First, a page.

Whether in good times for jubilation or troubled times to seek advice, we always turn back to the books we love the most. This is perhaps especially true of women, drawn in by female protagonists and the lives of the female authors who imagined them. There are, of course, many different kinds of women Erin Blakemore’s debut collection has something for each of them. A round-up of the dozen most influential novels in Blakemore’s life, The Heroine’s Bookshelf is a simple necessity for anybody looking to reminisce about the classic works that changed all of our lives.
Repeated Audie Award-nominee and multiple AudioFile Earphones Award-winner Tavia Gilbert works her magic here as usual. Gilbert gives wonderful life to a cast of characters that everyone is already familiar with, breathing a new energy into famously quotable moments, but transforming them with all due respect to the original images of the characters we have come to know and love. Her range in this regard is remarkable. Gilbert tackles Janie Crawford from Zora Neale Hurston’s Their Eyes Were Watching God in the chapter on faith, and then jumps to Ann Shirley from Lucy Maude Montgomery’s Ann of Green Gables in the next chapter on happiness.
Blakemore organizes each chapter based on an examination of a theme that runs between the life of the character and the life of the woman who authored her. Full of particularly astute observations are the chapters on dignity with southern favorite Alice Walker, compassion with reclusive one-book wonder Harper Lee, and indulgence with French libertine Sidonie-Gabrielle Colette (the only author included in the book who is perhaps a bit outside the mainstream). There are also the rest of the usual suspects, from Jo March to Jane Eyre. Gilbert’s narration renders all of Blakemore’s contemporary analysis in vivid color, and there is something to love in all of these women, whether you are looking for solace or celebration. Megan Volpert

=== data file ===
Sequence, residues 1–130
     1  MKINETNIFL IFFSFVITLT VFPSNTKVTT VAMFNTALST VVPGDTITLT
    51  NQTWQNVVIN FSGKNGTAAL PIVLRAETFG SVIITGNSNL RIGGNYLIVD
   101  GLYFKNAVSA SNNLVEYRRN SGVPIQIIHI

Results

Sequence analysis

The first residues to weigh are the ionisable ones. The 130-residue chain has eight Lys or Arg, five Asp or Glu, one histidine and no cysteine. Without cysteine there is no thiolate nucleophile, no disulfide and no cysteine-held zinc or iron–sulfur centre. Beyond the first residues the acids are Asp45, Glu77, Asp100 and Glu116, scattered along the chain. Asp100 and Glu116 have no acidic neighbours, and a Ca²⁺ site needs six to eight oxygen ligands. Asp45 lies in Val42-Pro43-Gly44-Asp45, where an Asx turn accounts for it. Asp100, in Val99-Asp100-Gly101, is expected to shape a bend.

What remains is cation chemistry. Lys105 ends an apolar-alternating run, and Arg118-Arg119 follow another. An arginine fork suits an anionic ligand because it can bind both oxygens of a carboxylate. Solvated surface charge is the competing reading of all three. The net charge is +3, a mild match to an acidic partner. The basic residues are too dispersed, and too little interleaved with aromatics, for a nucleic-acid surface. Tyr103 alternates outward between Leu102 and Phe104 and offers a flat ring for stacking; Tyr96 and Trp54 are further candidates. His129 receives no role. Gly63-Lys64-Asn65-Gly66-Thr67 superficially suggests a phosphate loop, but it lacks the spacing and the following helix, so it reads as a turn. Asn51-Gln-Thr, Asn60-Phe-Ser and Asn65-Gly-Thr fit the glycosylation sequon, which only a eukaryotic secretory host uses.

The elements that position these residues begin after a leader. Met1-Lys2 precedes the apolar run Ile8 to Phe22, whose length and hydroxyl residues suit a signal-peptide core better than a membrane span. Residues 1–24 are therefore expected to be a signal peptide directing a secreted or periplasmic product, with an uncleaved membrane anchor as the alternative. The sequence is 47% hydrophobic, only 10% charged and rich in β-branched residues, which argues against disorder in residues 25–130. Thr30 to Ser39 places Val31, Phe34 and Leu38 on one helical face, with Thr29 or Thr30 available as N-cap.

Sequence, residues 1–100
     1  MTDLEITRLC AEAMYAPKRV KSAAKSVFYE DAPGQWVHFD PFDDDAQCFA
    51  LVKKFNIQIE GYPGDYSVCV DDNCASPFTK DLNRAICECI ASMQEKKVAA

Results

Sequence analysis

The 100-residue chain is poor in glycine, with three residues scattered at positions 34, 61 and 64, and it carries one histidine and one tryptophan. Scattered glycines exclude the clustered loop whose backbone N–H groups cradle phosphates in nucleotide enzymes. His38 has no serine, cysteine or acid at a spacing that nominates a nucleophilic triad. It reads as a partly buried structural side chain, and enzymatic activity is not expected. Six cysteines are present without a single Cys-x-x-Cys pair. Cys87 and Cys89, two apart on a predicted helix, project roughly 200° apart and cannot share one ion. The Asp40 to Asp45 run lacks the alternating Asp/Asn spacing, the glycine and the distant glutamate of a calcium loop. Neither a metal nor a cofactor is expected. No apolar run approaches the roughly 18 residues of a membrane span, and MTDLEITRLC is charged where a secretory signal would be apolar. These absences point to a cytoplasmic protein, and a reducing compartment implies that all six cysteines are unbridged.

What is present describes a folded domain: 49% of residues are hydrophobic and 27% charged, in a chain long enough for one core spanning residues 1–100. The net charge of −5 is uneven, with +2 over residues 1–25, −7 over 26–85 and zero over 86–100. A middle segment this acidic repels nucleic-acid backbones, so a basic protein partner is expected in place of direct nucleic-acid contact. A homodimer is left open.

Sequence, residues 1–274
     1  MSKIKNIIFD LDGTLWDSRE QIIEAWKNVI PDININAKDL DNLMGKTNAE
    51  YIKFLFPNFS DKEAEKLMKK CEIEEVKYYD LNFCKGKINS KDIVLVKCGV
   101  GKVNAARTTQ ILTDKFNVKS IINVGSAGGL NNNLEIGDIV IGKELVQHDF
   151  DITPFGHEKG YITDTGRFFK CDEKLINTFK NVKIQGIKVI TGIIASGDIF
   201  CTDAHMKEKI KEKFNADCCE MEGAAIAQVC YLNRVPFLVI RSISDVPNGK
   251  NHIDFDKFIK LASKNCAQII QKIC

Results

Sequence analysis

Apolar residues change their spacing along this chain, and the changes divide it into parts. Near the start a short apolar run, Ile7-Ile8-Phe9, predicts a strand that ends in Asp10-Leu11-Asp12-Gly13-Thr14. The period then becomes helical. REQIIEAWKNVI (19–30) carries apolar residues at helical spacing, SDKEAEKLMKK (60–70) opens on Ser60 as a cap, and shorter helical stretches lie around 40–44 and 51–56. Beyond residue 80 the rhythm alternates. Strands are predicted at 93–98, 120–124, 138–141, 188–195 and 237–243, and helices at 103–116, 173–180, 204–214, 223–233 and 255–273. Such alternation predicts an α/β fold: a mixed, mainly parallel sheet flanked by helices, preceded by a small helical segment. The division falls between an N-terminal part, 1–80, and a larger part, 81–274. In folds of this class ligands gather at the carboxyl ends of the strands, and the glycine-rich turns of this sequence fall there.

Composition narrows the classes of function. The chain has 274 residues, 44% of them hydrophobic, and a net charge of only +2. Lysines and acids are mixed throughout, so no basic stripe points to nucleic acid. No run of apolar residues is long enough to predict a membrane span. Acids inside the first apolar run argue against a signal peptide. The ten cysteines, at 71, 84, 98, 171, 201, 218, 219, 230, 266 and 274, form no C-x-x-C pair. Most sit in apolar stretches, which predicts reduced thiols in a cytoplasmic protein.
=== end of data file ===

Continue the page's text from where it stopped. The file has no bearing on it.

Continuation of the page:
The literary canon is filled with intelligent, feisty, never-say-die heroines, and legendary female authors. Like today’s women, they too placed a premium on personality, spirituality, career, sisterhood, and family. When their backs were against the wall, characters like Scarlett O’Hara, Jo March, Jane Eyre, and Elizabeth Bennet fought back - sometimes with words, sometimes with gritty actions. Their commonsense decisions resonate even more powerfully in a world where women are forced to return to the basics, paring down and shoring up their resources for what lies ahead.
In this compelling book of beloved heroines and the remarkable writers who created them, Erin Blakemore explores how the pluck and dignity of literary characters, such as Scout Finch and Jo March, can inspire women today. She divides these legendary characters into chapters that pair each with her central quality - Anne Shirley is associated with irrepressible “Happiness"; Scarlett O’Hara personifies “Fight”. Each chapter includes insights into the authors’ lives, revealing how their own strengths informed their timeless characters.
From Zora Neale Hurston to Colette, Laura Ingalls Wilder to Charlotte Brontë, Jane Austen to Alice Walker, here are some of the most cherished authors and characters in literature.
©2010 Erin Blakemore (P)2010 Blackstone Audio, Inc.
“An inspiring look at literature’s greatest and most enduring female characters - such as Jo March, Jane Eyre, Elizabeth Bennet, Laura Ingalls and others - and their authors, who have helped shape the inner lives of generations of women, teasing out universal tenets of strength and survival, and gleaning the wisdom and solace they offer to help women navigate these challenging times and find their inner heroine.” (PublishersLunch.com)
While so many of the heroines described are focused outside of themselves, the author keeps returning to Self. Had hoped there would be more depth.
Not quite what I hoped for. Much of this book is a really interesting review of great authors and wonderful stories. But then we have to go through all of the sophomoric opinions and gushing feminism, ugh. The author's thesus is wonderful, but then becomes way too "in your face" and overdramatic. The reader is very talented (great accents), but she starts out so strident and shrill, that it is very hard to get past it. I suggest skipping the introduction all together.
This is a really good book
It felt warm and homey
It has added several books to my MUST READ (or in some cases REREAD) list.
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